- Step 1. Think about your high-risk users: senior leaders, HR staff or financial personnel. Anyone who has the power to share money or data falls into this category. Check how much information is available about them online, especially job duties and contacts from other teams and companies. Then evaluate how easy it would be to impersonate them by email.
- Step 2. Implement security controls like email filtering, two-factor authentication, access and identity controls, and permission levels. Adopt whitelists or blacklists for external traffic. These won't completely block phishing emails, but they'll eliminate quite a few.
- Step 3. Create policies and procedures that can catch hasty mistakes. A strict wire transfer policy requiring multiple authorizations, time delays and identity verification can all go a long way toward preventing disaster and loss. Register as many domains as you can that are just slightly different from the actual company domain. Implement domain spoof protection and create detection system rules that flag any e-mails using extensions similar to company e-mail.
- Step 4. Provide security awareness training so your staff can look for red flags. While most phishing emails are well-architected, small tells are usually present, such as grammatical errors and odd wording. Often the company name will be altered slightly. Another warning sign: the request for an expedited turnaround. Criminals want your staff to act quickly, before they can realize something is wrong. If an email repeatedly mentions an "urgent wire transfer" or an "urgent invoice payment" and includes "new account information" or other "new" accounts and changes, it's a sign of a scam.
If you do discover a fraudulent transfer of funds or data, act quickly. Your first move: contacting your bank. Provide as many details as possible to see if they can stop or even recall the transfer.
After that you'll want to contact law enforcement, starting with the FBI office. Sometimes they can work with the U.S. Department of Treasury Financial Crimes Enforcement Network to return or freeze your funds. You should also contact your insurance company to see if your policy covers this kind of attack.
Finally, your IT team will need to look inward and do damage control. That means closing off the attack vendor, recovering hacked email accounts, and eradicating malware. Don't hesitate to bring in outside security specialists; they likely have experience in these kinds of attacks and can suggest new techniques for strengthening your security controls.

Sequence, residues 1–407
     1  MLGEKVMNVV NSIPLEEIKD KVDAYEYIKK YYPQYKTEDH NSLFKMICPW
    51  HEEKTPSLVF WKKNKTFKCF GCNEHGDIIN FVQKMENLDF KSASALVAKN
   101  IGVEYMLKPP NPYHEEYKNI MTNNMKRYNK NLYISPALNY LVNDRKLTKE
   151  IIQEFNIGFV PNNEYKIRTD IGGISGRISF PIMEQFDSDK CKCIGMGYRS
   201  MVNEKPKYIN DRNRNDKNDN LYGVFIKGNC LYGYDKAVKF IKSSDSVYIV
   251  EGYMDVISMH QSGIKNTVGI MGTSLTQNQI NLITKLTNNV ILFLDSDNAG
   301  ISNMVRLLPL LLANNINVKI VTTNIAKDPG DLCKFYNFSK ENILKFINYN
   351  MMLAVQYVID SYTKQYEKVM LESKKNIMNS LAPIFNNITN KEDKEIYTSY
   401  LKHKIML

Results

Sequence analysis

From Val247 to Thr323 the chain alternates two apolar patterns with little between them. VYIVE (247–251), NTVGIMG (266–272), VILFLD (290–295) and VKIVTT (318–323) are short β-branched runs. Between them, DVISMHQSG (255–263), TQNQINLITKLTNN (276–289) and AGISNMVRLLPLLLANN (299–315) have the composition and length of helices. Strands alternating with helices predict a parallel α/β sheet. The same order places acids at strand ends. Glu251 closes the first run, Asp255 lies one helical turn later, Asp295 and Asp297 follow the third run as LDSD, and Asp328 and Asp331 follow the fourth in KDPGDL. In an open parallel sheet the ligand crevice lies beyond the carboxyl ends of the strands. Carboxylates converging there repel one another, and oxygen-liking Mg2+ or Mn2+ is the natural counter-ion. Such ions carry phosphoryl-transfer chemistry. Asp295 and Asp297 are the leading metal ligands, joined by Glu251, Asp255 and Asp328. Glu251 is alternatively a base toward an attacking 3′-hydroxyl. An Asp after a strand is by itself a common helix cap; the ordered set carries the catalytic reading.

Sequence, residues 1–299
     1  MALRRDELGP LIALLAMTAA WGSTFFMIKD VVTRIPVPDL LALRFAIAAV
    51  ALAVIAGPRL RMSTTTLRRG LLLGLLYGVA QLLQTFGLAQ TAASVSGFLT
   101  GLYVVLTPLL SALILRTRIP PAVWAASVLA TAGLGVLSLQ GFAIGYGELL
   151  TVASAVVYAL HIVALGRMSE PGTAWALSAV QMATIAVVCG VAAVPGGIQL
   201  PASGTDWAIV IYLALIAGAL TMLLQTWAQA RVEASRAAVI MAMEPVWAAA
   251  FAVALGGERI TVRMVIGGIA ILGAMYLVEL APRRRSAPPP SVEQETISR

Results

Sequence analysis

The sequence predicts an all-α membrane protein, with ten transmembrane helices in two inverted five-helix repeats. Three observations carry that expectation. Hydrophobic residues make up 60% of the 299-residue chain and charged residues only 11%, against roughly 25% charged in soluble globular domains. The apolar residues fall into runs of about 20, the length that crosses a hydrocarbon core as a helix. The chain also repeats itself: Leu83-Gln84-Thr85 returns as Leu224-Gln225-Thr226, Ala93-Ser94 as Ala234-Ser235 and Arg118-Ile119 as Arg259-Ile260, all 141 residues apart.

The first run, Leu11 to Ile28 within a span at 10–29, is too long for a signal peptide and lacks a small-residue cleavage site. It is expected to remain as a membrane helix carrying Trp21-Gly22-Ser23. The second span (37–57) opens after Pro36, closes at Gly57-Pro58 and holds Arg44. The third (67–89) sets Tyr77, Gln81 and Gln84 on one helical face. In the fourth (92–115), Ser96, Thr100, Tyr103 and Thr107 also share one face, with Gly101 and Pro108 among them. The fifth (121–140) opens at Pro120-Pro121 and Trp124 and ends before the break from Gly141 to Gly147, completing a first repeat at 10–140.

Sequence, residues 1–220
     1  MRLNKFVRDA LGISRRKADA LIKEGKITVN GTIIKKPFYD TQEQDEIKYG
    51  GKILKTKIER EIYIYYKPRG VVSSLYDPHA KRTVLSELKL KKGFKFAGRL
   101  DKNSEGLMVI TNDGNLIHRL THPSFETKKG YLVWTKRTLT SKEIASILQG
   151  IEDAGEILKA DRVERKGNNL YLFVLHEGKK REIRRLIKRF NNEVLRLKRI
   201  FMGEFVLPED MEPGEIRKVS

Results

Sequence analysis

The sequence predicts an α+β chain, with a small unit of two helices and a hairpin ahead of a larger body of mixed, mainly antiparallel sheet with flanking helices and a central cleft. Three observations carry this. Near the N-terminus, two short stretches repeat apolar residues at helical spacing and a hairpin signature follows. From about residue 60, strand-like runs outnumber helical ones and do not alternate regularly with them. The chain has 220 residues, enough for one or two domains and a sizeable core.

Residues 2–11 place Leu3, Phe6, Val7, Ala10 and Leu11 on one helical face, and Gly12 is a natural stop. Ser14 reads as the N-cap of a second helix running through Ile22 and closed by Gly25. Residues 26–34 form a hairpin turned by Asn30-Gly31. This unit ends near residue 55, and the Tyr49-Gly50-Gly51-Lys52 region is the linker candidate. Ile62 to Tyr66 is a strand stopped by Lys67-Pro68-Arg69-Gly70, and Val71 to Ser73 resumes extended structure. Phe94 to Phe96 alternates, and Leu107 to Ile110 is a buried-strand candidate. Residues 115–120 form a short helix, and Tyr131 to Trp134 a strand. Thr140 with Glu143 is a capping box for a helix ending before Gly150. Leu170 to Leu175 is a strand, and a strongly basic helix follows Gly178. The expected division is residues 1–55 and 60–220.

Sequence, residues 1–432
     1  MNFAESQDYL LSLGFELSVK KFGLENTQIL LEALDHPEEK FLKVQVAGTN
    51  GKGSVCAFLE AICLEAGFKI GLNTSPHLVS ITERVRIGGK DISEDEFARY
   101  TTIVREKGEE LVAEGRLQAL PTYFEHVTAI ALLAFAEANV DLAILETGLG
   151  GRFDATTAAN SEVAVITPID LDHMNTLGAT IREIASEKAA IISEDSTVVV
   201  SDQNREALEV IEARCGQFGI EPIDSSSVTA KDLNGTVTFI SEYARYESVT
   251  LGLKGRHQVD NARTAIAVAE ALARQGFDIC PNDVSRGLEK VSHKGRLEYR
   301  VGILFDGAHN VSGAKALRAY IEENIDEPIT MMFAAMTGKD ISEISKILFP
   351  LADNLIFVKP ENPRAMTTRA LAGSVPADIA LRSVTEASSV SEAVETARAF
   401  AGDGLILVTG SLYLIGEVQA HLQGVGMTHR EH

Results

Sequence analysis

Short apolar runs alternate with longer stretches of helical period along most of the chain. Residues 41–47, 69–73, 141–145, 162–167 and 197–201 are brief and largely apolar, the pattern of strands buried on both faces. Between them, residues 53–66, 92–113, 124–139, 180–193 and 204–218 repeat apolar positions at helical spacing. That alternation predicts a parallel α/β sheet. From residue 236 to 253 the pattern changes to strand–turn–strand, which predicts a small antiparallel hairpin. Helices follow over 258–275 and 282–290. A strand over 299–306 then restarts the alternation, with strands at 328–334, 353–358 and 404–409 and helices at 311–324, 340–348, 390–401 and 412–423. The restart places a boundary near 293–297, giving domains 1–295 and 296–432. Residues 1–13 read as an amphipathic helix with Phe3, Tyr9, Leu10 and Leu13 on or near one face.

Given its lucrative nature, CEO Fraud isn't going away any time soon. Criminals will continue to phish for your data and financial assets as long as technology exists. But by educating your workforce and leadership, you can boost your security and avoid becoming the catch of the day.
Stu Sjouwerman (pronounced "shower-man") is the founder and CEO of KnowBe4, LLC, which provides web-based Security Awareness Training (employee security education and behavior management) to small and medium-sized enterprises. A data security expert with more than 30 years in the IT industry, Sjouwerman was the co-founder of Inc. 500 company Sunbelt Software, an award-winning anti-malware software company that he and his partner sold to GFI Software in 2010. Realizing that the human element of security was being seriously neglected, Sjouwerman decided to help entrepreneurs tackle cybercrime tactics through advanced security awareness training. KnowBe4 services thousands of customers in a variety of industries, including highly-regulated fields such as healthcare, finance and insurance and is experiencing explosive growth with a surge of 427% in 2013 alone. Sjouwerman is the author of four books, with his latest being Cyberheist: The Biggest Financial Threat Facing American Businesses.